The U.S. Army Corps of Engineers will require BP to limit the volume of crude oil handled at its Cherry Point terminal to 191 million barrels per year and prohibit handling crude oil at its north wing dock unless authorized.
The U.S. Army Corps of Engineers will modify its 1996 permit to comply with the Magnuson Amendment’s restrictions regarding the handling of crude oil at Puget Sound facilities, the Endangered Species Act (ESA) and other legal requirements, according to a January 23 Corps press release. The Corps are also requiring BP to report the number of vessel calls and the volume of crude oil handled at the terminal each year to ensure compliance.
U.S. Army Corps of Engineers spokesperson Andrew Muñoz said BP will be required to report its vessel calls and crude oil volume annually.
“That is really the only way [the Corps] can ensure that the ESA and Magnuson Amendment restrictions are being followed,” Muñoz said.
In 1996, the U.S. Army Corps of Engineers approved a permit to add a north wing to the already operational south wing of the Cherry Point dock, originally built for ARCO in 1971. BP purchased ARCO in 2000, and construction on the north wing finished in 2001. But several environmental groups sued the Corps and BP, asking for an environment impact statement (EIS).
Environmental groups expected shipping traffic to increase if the north wing was deemed usable, so they filed suit.
The groups found the originally approved permit potentially violated the Magnuson Amendment, enacted to the federal Marine Mammal Protection Act in 1977, which limits crude oil vessels in Puget Sound waters. The amendment prohibits federal agencies from granting permits that could “result in any increase in the volume of crude oil capable of being handled at any such facility, other than oil to be refined for consumption in the State of Washington.” The benchmark for oil volume was set October 18, 1977 at 191 million barrels per year.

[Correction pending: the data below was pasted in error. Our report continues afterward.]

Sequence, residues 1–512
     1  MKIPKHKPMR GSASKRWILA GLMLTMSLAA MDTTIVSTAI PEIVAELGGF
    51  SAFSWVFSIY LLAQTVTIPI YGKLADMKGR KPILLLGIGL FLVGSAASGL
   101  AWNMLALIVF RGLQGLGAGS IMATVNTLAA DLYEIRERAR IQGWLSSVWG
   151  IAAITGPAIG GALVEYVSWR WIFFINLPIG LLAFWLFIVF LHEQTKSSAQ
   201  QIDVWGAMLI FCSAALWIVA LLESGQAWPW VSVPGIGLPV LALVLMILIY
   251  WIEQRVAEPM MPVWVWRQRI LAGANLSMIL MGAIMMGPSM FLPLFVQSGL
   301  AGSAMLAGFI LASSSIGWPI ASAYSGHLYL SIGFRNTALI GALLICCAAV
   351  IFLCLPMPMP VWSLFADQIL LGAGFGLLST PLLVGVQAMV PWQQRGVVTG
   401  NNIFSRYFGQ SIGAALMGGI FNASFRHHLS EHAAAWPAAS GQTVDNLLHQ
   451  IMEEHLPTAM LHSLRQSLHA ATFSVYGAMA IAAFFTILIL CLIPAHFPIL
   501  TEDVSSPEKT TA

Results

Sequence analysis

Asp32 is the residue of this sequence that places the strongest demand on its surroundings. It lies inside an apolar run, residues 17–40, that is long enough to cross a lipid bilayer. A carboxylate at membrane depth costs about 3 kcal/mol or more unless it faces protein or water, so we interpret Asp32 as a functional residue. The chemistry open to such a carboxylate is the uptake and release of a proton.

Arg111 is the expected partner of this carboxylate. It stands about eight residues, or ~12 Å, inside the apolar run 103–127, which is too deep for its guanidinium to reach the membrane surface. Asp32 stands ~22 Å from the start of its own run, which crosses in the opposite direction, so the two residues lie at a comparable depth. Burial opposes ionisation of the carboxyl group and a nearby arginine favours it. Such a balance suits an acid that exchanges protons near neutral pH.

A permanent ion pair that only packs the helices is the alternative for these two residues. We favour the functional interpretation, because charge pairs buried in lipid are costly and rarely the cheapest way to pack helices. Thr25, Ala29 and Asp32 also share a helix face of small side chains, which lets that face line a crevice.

The EIS, detailing the incremental environmental risk of operating the north wing of the BP Cherry Point terminal, was released August 12, 2022, and the Corps awaited consultations with local tribes and the Department of Justice before coming to a decision whether to modify the permit.
At that time, EIS project manager Daniel Krenz said the decision would come down to three possibilities. Either the Corps would leave the permit as is, revoke the existing permit or propose changes to modify it. Ultimately deciding to make changes, the Corps has brought the permit into compliance with the Magnuson Amendment.
The Ninth Circuit Court of Appeals ordered the Corps to complete an EIS in 2005, after environmental group Ocean Advocates appealed when the U.S. District Court for the Western District of Washington ruled in favor of the Corps.
After conducting two long-term vessel studies a draft EIS was released in 2014 for public review. Then, following ESA consultations with NOAA Fisheries and the U.S. Fish and Wildlife Service, the final EIS was released in 2022. It’s available at bit.ly/3Dh7sjJ.
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